Column: A 13-Year Lesson in the Value of Accountability
When I joined the Valley News 13 years ago, I had a dream of playing a leadership role at a newspaper serving the community where our kids would grow up. That dream has come true — and then some.
Today is the last day my name will appear on the masthead of the paper that has become so much more than a place to work. Before I depart, I wanted to say a few words, the most important of which are these: Thank you.
It wasn’t long after I joined the staff that I had my first lesson in what the Valley News means to this community. After a brief stint as a reporter, I became local news editor in January 2001 in the same week that two beloved Dartmouth professors, Half and Susanne Zantop, were murdered in their Etna home.
The tragedy immediately became a media sensation, with journalists pouring in from all points of the compass to tell a story of savagery in a peaceful New England town. Some of those journalists wasted no time in confirming people’s worst impressions, publishing unfounded rumor and hurtful speculation before jetting off to leave the Zantops’ family, friends and community to suffer the lingering effects.
At the Valley News, we had heard those same rumors, and it was sometimes painful to pick up our out-of-town competition and read “scoops” that — if true — we would have put on the front page. But we chose not to lower our standards, and in the end, heard from more than a few readers that they were glad we had stood firm.
Before joining the Valley News, I had spent the bulk of my career at a larger newspaper, a place with impeccable standards but also a place where I rarely encountered the people who felt the impact of stories and photos we produced. The Upper Valley, I soon found, is different. No matter what we publish, I’m going to run into someone — at my kid’s soccer match, in line at the grocery store, across the pew at church — who has a personal stake in it. That brings a high level of accountability, and a healthy one.
We don’t always measure up, and readers justifiably give us the devil for our mistakes. The most famous of them, adding an extra “s” to the newspaper’s name, resulted from an editor’s errant click of the computer mouse late one night. We probably deserved more grief for the headline another editor wrote during another late-night deadline scramble: “New Jersey Nets Win Stanley Cup.”
Yep, that one was mine. And, yep, I’m still blushing.
Despite such shortcomings, I feel confident in saying that we do most of the important things right. At a time when so many news organizations are cutting back and settling for the superficial, the Valley News has kept its commitment to practicing journalism that matters.
When Tropical Storm Irene hit in 2011, reporters, photographers and editors left the comfort of their Sunday dinners to wade through the rising waters and provide compelling stories and useful information for devastated towns.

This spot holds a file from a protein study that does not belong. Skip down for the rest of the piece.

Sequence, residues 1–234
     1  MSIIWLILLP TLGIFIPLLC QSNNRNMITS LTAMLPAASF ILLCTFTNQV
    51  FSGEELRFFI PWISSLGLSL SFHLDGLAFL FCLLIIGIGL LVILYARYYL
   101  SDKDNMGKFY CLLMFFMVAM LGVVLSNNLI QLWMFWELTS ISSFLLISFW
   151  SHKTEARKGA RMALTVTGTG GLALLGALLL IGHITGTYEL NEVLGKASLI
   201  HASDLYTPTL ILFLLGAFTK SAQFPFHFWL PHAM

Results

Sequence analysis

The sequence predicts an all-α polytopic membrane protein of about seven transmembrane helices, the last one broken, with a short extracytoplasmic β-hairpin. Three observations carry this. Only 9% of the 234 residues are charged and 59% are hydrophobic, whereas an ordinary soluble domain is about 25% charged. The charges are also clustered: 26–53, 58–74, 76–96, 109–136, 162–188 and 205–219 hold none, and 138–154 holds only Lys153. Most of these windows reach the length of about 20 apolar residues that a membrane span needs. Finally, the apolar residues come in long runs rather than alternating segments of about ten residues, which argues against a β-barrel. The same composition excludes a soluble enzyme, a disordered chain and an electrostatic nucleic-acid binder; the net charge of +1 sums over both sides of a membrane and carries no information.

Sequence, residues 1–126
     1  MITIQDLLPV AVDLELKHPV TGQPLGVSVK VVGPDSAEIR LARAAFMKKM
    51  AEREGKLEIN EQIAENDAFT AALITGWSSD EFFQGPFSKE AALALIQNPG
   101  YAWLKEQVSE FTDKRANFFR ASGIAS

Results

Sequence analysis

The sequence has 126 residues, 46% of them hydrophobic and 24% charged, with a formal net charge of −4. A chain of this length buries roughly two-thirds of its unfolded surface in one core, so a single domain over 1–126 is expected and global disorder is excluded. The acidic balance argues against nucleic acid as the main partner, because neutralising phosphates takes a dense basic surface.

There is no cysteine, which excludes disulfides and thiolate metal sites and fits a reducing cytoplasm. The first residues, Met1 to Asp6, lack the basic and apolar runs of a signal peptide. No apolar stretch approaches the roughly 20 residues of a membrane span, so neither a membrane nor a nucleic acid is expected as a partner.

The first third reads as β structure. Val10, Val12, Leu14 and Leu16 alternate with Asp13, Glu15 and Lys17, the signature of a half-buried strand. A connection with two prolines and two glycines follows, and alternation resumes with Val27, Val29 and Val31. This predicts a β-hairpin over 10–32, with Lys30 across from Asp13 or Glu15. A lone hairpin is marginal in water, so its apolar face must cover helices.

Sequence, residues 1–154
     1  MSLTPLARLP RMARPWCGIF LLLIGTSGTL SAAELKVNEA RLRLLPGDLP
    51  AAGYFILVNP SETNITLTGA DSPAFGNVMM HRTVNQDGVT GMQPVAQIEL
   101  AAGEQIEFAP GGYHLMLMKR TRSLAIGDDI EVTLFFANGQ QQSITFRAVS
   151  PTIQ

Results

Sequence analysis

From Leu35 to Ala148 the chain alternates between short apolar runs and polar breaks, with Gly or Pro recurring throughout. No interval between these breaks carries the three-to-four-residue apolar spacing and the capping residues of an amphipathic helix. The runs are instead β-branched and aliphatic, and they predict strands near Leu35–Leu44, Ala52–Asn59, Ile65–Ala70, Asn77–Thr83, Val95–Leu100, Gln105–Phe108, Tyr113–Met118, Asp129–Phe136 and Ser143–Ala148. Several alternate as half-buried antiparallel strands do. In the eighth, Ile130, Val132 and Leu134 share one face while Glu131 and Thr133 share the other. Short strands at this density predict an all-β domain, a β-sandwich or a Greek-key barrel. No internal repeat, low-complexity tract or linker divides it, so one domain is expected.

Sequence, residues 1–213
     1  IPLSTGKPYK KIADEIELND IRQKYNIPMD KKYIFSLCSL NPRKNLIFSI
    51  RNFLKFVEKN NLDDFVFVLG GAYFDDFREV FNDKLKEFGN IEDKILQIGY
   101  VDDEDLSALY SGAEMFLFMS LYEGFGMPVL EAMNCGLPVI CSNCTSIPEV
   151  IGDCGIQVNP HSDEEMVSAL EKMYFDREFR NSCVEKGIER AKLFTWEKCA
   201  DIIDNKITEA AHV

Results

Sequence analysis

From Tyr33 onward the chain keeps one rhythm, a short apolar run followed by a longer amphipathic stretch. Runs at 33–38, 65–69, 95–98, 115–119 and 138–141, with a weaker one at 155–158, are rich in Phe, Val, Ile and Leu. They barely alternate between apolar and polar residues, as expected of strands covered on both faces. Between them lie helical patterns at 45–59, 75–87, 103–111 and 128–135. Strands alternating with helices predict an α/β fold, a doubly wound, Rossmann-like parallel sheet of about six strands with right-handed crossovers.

When police agencies tried to hide questionable behavior behind a veil of secrecy, our staff kept pushing until the facts emerged.
But in some ways, it’s the smaller things that best demonstrate the depth of this newspaper’s commitment. Week after week, people in the newsroom labor to get important events into the Valley Calendar, to report youth hockey scores on the Recreation page, to publish photos that capture the small moments at the heart of daily life, to make room for your opinions in the Forum, and to remember the lives of extraordinary people in our weekly feature, A Life.
All of this happens thanks to a dedicated group of three dozen reporters, photographers and editors, along with the hard-working advertising, production and delivery staffs; thanks to owners who recognize the value of this community newspaper and are willing to invest in it; and thanks — most critically — to readers like you. If you didn’t buy the Valley News each day, if you didn’t patronize its advertisers, if you didn’t give us an earful when we come up short, it wouldn’t be nearly as rewarding to work here.
With our children Amelia and Alex off to college, my wife, Laura Dintino, and I have decided to return to the city where we met more than three decades ago: Burlington, Vt. As co-editor of Seven Days, the statewide weekly based there, I will supervise a smaller staff and have time to return to the reporting and writing that first drew me into this business. And my departure will clear the way for a new generation of leadership to put its mark on the paper or website you are now reading.
Laura and I don’t plan to move from our Meriden home until the spring, and we will spend the next several months relishing life in the place that has become our and our children’s home. Before dawn each morning, one of us will walk to the end of the driveway to start the day in the only way that feels right: with a copy of the Valley News in our hands. Actually, it’s two copies. Neither one of us likes waiting to read the front page.
Jeffrey Good is editor of the Valley News. He can be reached at email@example.com.